Open access peer-reviewed chapter

Disinfection of Water Used for Human and Animal Consumption

Written By

Tatiana Hrušková, Naďa Sasáková, Gabriela Gregová, Ingrid Papajová and Zuzana Bujdošová

Submitted: 18 January 2018 Reviewed: 12 March 2018 Published: 05 November 2018

DOI: 10.5772/intechopen.76430

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Edited by Sahra Kırmusaoğlu

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This chapter deals with disinfection of water used for human and animal consumption. Water is the most abundant chemical component of the Earth and is very extensively used by mankind. Anthropogenic pressure on the environment leads to decrease in water quality. The quality of water is determined using the most important range of parameters (physical, chemical, and microbiological). This chapter discusses major pollutants of water, protection of water sources, micro-organisms causing the main waterborne diseases and methods of treatment, and disinfection of water. Different methods are used to disinfect drinking water. One of the most frequently used methods is disinfection with active chlorine, which is the only method providing continuous protection against microbial regrowth. However, this method has also some disadvantages (e.g., formation of trihalomethane and haloacetic acid precursors) linked to increased risk of cancer. It is important to remember that none of the products used to disinfect water is capable of ensuring complete safety of treated water if the water comes from unsuitable sources.


  • disinfection
  • chlorination
  • drinking water safety
  • farm animal watering
  • microbiological examination
  • physico-chemical examination

1. Introduction

Water is essential for the existence of life. It should be available to all at adequate quantity and quality. Access to safe drinking water is the basic requirement for ensuring good health of animals and humans, so every effort should be made to achieve this goal [1]. The safety of drinking water is assessed on the basis of national standards or international guidelines. The WHO Guidelines for Drinking Water Quality form an authoritative basis for the setting of national regulations and standards for water safety in support of public health. In Slovakia, regulation of the government of the SR Act No. 368/2007 Coll. [2], which amends and supplements the Act No. 322/2003 Coll. [3], on protection of farm animals, specifies that all sources of water used for watering of animals must comply with the requirements on water intended for human consumption. The requirements on the quality of water used for human consumption are determined by the regulation of the government of the SR No. 496/2010 Coll. [4], which complies with the criteria set by European Communities regulations and WHO guidelines. This regulation specifies also methods for the control of quality of water used for human consumption.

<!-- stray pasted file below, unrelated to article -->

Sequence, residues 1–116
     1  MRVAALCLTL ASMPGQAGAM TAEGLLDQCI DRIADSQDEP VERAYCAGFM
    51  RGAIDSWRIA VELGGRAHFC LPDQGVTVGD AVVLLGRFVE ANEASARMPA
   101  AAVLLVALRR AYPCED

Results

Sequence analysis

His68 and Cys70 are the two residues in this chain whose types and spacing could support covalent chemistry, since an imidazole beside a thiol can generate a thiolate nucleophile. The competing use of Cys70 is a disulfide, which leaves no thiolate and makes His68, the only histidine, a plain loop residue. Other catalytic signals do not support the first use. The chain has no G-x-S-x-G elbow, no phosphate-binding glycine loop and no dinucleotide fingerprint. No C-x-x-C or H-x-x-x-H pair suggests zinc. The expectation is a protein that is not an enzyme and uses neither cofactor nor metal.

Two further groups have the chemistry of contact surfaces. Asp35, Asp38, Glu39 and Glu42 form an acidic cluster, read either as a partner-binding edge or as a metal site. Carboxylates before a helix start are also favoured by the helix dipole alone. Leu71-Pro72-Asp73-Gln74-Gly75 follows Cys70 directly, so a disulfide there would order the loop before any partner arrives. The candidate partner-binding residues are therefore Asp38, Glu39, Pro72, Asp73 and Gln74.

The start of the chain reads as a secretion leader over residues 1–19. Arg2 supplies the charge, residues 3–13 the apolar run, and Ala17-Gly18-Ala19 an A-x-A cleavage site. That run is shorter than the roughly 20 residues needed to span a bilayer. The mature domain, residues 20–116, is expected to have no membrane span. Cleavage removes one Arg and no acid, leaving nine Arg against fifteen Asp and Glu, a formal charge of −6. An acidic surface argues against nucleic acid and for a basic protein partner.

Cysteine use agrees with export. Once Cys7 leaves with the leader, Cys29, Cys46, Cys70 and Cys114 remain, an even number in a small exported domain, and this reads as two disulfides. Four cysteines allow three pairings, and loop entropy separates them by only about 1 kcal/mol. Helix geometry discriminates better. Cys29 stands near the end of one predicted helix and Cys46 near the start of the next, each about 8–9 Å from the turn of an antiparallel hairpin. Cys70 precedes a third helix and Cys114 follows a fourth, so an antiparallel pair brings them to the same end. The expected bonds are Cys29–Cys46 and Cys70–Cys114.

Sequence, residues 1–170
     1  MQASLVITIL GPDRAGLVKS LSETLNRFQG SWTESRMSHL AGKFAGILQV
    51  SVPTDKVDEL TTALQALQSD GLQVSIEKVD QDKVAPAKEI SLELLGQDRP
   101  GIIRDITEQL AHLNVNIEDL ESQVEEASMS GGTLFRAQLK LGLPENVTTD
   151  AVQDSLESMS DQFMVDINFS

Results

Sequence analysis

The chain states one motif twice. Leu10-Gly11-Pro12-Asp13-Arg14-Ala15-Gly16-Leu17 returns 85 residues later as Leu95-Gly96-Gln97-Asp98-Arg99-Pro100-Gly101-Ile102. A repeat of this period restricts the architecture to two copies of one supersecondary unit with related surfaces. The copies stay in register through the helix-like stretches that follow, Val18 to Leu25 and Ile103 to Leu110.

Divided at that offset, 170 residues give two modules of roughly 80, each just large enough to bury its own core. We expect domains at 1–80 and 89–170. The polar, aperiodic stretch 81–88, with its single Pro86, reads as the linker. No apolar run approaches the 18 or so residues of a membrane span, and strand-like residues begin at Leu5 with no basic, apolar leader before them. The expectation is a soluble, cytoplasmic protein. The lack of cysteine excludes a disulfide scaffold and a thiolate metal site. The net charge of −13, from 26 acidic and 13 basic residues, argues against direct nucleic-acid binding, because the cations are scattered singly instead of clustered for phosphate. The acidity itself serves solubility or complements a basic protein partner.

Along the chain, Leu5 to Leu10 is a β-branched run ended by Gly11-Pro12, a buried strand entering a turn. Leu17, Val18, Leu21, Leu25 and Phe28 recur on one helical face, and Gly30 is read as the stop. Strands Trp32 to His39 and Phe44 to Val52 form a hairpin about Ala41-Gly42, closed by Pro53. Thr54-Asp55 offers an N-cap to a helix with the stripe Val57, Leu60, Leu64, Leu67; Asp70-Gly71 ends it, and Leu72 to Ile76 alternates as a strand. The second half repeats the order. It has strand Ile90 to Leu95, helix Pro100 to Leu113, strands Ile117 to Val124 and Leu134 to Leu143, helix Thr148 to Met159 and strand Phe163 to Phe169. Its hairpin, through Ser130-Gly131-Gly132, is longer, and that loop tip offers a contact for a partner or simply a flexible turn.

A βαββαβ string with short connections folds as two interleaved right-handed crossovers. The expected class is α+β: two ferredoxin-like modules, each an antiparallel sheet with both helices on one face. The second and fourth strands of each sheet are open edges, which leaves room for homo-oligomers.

Water sources can be contaminated by numerous man-made pollutants, classified into two categories of sources, point and diffuse. Industrial premises, towns, agricultural installations including animal farms and landfills—point sources—can be more easily identified and controlled. Diffuse sources, such as run-off from agricultural land and hard surfaces (roads and acid rains), are less obvious and more difficult to control. Such sources are responsible for considerable variations in the contaminant load over time [5].

Source protection zones (SPZs) form a key part of the approach to controlling the risk to groundwater supplies from potentially polluting activities and accidental releases of pollutants. The procedure for land-surface zoning related to the protection of groundwater against both point and diffuse pollution is hydrogeologically based but not so complex as to be unworkable in practice. The SPZ approach is primarily a policy tool used to control activities close to water supplies intended for human consumption. For source protection, three zones have typically been defined:

  1. Inner protection zone is defined as the 50-day travel time from any point below the water table to the source. The minimum radius of this zone is 50 m.

  2. Outer protection zone is defined by a 400-day travel time from a point below the water table.

  3. Source catchment protection zone is defined as the area around a source within which all groundwater recharge is presumed to be discharged at the source.

In the case of diffuse pollution, it will also be necessary to consider the nature of the soil cover in the area where the polluting activity occurs [6, 7].

Many agents of infectious diseases of animals and humans are waterborne. The greatest risk of their transfer is associated with ingestion of water that is contaminated with human or animal faeces that may become a source of pathogenic bacteria, viruses, and parasites (protozoa, eggs of parasites). They may survive in water for different periods and cause diseases in many people throughout the world. Monitoring of safety of water sources involves physical, chemical, microbiological, biological, and radiological parameters. The most frequently determined parameters indicate pollution caused by sewage, animal excrements, storage of waste, animal manure, and artificial fertilisers [8, 9]. With regard to protection of water, one should also mention the Directive 2010/75/EU [10] on integrated prevention of pollution and control that applies to industrial and agricultural installations with large pollution potential and helps to eliminate pollution of water sources. However, there are many smaller sources, particularly the non-point ones that do not fall under this directive.